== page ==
Yasiel Puig at bat. Photo by kla4067/ Creative Commons/ Flickr

Yasiel Puig at bat. Photo by kla4067/ Creative Commons/ Flickr

There’s a nasty California disease spreading so fast that even our baseball teams have caught it.

Last year, the Los Angeles Angels of Anaheim kept their best player, then-20-year-old Mike Trout, in the minor leagues for the first month of the Major League Baseball season. This year, the L.A. Dodgers held down their most talented player, 21-year-old Yasiel Puig, for the first two months. Both teams felt their player was too young and needed more seasoning, and both teams paid a heavy price. The Angels fell into a deep hole in that first month from which they never recovered. The Dodgers, without Puig, fell into last place (and then, once he came up to the big leagues, surged into first).

But don’t be too hard on the Angels or Dodgers. In California, delaying the progress of ambitious young people has become standard operating procedure.

A bachelor’s degree used to be a four-year project. Now, thanks to generations of cuts, Californians compare university graduation rates at a six-year standard.  At the entry level of education, we’ve helped balance the budget in recent years by raising the minimum age for starting kindergarten.

Young people used to buy homes. Now, especially in the coastal cities, high prices force couples to wait years longer than the average in other states. This is one reason why California’s home ownership rate, 54.5 percent, badly lags the national rate of 65 percent.

In hiring, California offers a double whammy of delay: a comparatively high unemployment rate and a high number of unfilled jobs. To put it another way, young people can’t find work, which means they can’t get experience and skills, which means the jobs employers wish to fill lack qualified candidates.

California’s budget system squeezes the universities and favors debt over new investment. Our tax system famously requires new homeowners and businesses to pay more in property taxes than their established counterparts. And we lavishly subsidize the old. Even if the old are felons. One reason our prisons cost so much is that prisoners are kept inside until they are decrepit and require extensive medical care.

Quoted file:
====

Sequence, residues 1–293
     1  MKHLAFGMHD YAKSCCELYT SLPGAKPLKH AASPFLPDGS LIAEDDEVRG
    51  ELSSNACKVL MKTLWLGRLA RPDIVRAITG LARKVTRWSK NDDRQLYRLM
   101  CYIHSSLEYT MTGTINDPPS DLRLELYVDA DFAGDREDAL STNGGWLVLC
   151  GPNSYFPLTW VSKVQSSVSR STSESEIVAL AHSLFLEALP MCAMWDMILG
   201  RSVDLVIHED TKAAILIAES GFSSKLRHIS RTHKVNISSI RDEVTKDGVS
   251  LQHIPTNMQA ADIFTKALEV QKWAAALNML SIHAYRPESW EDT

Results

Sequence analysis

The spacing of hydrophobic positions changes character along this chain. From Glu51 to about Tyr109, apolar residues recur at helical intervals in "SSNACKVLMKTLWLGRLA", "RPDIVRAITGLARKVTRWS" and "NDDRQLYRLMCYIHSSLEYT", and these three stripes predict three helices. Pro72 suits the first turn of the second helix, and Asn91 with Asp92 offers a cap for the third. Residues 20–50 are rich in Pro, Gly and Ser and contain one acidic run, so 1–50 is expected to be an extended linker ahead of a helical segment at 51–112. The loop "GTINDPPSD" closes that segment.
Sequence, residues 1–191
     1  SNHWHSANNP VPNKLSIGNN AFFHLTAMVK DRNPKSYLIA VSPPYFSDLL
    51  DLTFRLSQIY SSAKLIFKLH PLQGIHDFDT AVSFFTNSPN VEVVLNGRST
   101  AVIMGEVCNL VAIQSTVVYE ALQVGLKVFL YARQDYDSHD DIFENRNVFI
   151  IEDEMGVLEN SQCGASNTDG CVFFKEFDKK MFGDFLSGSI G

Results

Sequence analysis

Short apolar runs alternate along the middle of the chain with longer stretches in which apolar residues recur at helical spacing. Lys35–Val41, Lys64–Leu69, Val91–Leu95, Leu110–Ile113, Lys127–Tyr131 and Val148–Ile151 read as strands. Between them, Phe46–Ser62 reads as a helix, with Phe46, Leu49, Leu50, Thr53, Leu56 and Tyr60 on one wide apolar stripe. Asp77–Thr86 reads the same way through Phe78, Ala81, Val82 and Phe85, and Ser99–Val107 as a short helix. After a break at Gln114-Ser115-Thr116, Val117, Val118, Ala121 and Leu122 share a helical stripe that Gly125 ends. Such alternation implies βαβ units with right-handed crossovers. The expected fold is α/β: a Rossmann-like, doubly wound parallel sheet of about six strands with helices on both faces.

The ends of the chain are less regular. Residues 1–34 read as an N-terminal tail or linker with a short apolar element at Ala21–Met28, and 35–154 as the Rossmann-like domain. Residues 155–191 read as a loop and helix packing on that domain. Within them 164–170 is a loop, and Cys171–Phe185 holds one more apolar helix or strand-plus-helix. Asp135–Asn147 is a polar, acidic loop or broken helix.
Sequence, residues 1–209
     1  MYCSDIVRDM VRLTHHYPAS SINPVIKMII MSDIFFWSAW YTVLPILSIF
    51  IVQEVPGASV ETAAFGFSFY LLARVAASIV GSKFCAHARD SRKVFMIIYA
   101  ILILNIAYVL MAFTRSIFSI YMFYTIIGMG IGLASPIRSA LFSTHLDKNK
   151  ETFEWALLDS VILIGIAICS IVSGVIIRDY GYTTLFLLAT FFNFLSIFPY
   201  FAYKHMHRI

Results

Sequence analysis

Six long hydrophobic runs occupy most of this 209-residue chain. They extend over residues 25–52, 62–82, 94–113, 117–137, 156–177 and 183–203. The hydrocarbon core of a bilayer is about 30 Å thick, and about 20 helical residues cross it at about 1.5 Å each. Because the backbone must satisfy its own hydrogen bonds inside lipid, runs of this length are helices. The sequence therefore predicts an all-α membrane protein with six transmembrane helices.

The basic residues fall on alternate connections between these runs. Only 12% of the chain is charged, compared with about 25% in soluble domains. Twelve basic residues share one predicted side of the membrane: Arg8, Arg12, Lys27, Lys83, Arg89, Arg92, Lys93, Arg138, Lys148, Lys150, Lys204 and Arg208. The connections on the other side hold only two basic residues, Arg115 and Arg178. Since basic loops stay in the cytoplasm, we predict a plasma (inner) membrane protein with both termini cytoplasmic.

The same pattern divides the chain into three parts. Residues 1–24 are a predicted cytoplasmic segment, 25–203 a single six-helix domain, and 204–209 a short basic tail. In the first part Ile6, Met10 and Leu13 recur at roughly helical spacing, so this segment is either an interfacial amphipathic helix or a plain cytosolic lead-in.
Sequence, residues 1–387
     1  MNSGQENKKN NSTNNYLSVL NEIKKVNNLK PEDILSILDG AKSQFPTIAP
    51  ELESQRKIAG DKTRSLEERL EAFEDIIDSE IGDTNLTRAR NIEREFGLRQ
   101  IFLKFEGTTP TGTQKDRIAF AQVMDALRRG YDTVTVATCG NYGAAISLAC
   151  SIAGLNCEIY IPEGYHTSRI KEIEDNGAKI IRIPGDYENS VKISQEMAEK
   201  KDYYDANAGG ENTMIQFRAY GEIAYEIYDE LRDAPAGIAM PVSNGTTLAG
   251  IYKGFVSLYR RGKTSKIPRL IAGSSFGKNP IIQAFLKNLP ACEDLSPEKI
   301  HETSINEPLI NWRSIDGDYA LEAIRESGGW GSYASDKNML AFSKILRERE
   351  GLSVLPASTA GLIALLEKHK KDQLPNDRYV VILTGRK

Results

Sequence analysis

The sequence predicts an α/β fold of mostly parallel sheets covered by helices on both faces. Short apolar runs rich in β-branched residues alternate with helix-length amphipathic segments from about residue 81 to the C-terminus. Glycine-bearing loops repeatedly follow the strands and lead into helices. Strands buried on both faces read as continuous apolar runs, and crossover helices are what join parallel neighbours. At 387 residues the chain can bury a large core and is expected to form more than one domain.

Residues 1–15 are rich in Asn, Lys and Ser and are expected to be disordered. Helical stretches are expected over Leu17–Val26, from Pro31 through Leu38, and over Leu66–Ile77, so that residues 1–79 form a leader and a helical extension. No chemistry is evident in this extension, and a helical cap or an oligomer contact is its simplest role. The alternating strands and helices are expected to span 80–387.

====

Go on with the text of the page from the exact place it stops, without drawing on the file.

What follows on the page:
Californians love to debate whether we’re driving billionaires out of the state. But the wealthiest Californians are actually the demographic most likely to stick around. We should worry about people who are more likely to leave the state: college students who can’t find a spot in our public universities and young families who can’t afford a home.

California’s leaders ought to embrace an agenda focused on how to do better by the young and hungry people who represent the state’s future. But such a futuristic outlook isn’t a natural fit for a state political elite that is extraordinarily long in the tooth. Governor Jerry Brown and U.S. Senator Barbara Boxer are in their 70s; Dianne Feinstein, at 80, is the oldest current member of the U.S. Senate. Antonio Villaraigosa, whose future is speculated about as though he were a young, up-and-coming politician, is 60. Our youngsters, Lieutenant Governor Gavin Newsom, 45, and Attorney General Kamala Harris, 48, will soon be old enough to join AARP.

Meanwhile, everyone’s getting older. Children, who made up one-third of the state population in 1970, are projected to be only one-fifth of the population by 2030, according to USC demographer Dowell Myers. Los Angeles, once synonymous in the popular imagination with youth, is now getting older faster than other major American cities.

I grew up in the San Gabriel Valley, where I live today. I like to drive around and admire all the old homes, but I’m shocked at how much of the fruit on the old trees is left to fall, rotten, to the ground. My exterminator says that’s why the area has so many rodents. It’s as though we Californians have forgotten the most basic of lessons: When the new fruit ripens, you have to pick it.

Joe Mathews wrote this Connecting California column for Zócalo Public Square.

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